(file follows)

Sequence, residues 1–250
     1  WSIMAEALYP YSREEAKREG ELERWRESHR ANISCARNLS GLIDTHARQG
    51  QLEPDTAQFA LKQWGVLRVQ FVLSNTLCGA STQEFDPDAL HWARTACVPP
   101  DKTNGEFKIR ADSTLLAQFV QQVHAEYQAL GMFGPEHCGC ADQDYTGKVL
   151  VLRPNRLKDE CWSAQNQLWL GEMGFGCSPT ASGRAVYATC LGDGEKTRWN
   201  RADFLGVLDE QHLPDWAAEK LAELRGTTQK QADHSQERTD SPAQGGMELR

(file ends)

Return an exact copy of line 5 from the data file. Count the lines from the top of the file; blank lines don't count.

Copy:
   151  VLRPNRLKDE CWSAQNQLWL GEMGFGCSPT ASGRAVYATC LGDGEKTRWN